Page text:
A traditional BI architecture has analytical processing first pass through a data warehouse.
In the new, modern BI architecture, data reaches users through a multiplicity of organization data structures, each tailored to the type of content it contains and the type of user who wants to consume it.
The data revolution (big and small data sets) provides significant improvements. New tools like Hadoop allow organizations to cost-effectively consume and analyze large volumes of semi-structured data. In addition, it complements traditional top-down data delivery methods with more flexible, bottom-up approaches that promote predictive or exploration analytics and rapid application development.
In the above diagram, the objects in blue represent traditional data architecture. Objects in pink represent the new modern BI architecture, which includes Hadoop, NoSQL databases, high-performance analytical engines (e.g. analytical appliances, MPP databases, in-memory databases), and interactive, in-memory visualization tools.
Most source data now flows through Hadoop, which primarily acts as a staging area and online archive. This is especially true for semi-structured data, such as log files and machine-generated data, but also for some structured data that cannot be cost-effectively stored and processed in SQL engines (e.g. call center records).
From Hadoop, data is fed into a data warehousing hub, which often distributes data to downstream systems, such as data marts, operational data stores, and analytical sandboxes of various types, where users can query the data using familiar SQL-based reporting and analysis tools.
Today, data scientists analyze raw data inside Hadoop by writing MapReduce programs in Java and other languages. In the future, users will be able to query and process Hadoop data using familiar SQL-based data integration and query tools.
The modern BI architecture can analyze large volumes and new sources of data and is a significantly better platform for data alignment, consistency and flexible predictive analytics.
Thus, the new BI architecture provides a modern analytical ecosystem featuring both top-down and bottom-up data flows that meet all requirements for reporting and analysis.
In the top-down world, source data is processed, refined, and stamped with a predefined data structure--typically a dimensional model--and then consumed by casual users using SQL-based reporting and analysis tools. In this domain, IT developers create data and semantic models so business users can get answers to known questions and executives can track performance of predefined metrics. Here, design precedes access. The top-down world also takes great pains to align data along conformed dimensions and deliver clean, accurate data. The goal is to deliver a consistent view of the business entities so users can spend their time making decisions instead of arguing about the origins and validity of data artifacts.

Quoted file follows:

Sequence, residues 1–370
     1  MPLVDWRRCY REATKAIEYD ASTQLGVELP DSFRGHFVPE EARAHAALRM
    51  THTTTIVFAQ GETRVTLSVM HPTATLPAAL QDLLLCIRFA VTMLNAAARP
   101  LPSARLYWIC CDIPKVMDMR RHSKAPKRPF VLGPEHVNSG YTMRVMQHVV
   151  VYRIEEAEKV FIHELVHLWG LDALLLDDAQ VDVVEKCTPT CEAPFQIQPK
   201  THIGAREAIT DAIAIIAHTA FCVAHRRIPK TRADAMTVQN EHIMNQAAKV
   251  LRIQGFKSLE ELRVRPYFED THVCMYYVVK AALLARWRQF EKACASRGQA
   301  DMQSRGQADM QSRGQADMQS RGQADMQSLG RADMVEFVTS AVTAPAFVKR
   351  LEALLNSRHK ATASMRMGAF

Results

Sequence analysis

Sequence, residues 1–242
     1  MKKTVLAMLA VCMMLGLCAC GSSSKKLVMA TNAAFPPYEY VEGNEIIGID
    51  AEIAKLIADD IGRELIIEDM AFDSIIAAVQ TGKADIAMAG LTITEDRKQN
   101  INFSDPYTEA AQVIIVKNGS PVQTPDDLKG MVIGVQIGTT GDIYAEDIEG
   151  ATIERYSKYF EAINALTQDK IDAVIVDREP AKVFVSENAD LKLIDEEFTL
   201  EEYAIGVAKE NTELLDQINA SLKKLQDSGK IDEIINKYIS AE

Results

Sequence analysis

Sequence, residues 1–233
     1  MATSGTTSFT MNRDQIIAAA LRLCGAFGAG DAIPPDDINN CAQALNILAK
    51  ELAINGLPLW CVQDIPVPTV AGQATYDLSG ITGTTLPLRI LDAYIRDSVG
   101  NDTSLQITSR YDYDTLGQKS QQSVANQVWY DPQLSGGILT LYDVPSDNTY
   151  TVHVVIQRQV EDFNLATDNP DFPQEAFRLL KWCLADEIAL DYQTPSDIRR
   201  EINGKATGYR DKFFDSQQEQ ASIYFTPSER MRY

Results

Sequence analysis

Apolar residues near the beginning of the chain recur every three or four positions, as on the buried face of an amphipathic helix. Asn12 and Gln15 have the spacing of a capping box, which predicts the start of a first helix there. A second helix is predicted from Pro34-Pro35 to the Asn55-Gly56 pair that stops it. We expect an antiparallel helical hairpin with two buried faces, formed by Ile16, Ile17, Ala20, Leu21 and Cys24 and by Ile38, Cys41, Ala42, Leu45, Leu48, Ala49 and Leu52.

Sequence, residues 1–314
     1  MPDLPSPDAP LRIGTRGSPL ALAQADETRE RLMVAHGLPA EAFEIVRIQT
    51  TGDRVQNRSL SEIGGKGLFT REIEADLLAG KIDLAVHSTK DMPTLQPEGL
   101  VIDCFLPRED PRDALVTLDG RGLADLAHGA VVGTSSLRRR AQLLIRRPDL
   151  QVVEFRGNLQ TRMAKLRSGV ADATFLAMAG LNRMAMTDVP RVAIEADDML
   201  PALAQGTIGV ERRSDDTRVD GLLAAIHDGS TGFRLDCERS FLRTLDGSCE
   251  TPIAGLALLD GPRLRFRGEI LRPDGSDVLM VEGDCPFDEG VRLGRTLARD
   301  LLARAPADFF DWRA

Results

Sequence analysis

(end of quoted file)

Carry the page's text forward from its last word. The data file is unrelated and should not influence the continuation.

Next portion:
Creating a uniform view of the business from heterogeneous sets of data is not easy. It takes time, money, and patience, often more than most departmental heads and business analysts are willing to tolerate. They often abandon the top-down world for the underworld of spreadmarts and data shadow systems. Using whatever tools are readily available and cheap, these data hungry users create their own views of the business. Eventually, they spend more time collecting and integrating data than analyzing it, undermining their productivity and a consistent view of business information.
The bottom up world is a different process. Modern BI architecture creates an analytical ecosystem that brings prodigal data users back into the fold. It allows an organization to perform true ad hoc exploration (predictive or exploratory analytics) and promotes the rapid development of analytical applications using in-memory departmental tools. In a bottom-up environment, users can't anticipate the questions they will ask on a daily or weekly basis or the data they'll need to answer those questions. Often, the data they need doesn't yet exist in the data warehouse.
The modern BI architecture creates analytical sandboxes that let power users explore corporate and local data on their own terms. These sandboxes include Hadoop, virtual partitions inside a data warehouse, and specialized analytical databases that offload data or analytical processing from the data warehouse or handle new untapped sources of data, such as Web logs or machine data. The new environment also gives department heads the ability to create and consume dashboards built with in-memory visualization tools that point both to a corporate data warehouse and other independent sources.
Combining top-down and bottom-up worlds is challenging but doable with determined commitment.
BI professionals need to guard data semantics while opening access to data.
Business users need to commit to adhering to data standards.
Further, well designed data governance programs are an absolute requirement.